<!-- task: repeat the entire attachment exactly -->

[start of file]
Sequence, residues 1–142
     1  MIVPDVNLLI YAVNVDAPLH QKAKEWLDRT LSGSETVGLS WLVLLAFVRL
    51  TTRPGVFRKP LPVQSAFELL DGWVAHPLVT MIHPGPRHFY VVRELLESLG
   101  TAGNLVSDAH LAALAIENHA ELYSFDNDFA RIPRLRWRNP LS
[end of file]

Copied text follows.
Sequence, residues 1–142
     1  MIVPDVNLLI YAVNVDAPLH QKAKEWLDRT LSGSETVGLS WLVLLAFVRL
    51  TTRPGVFRKP LPVQSAFELL DGWVAHPLVT MIHPGPRHFY VVRELLESLG
   101  TAGNLVSDAH LAALAIENHA ELYSFDNDFA RIPRLRWRNP LS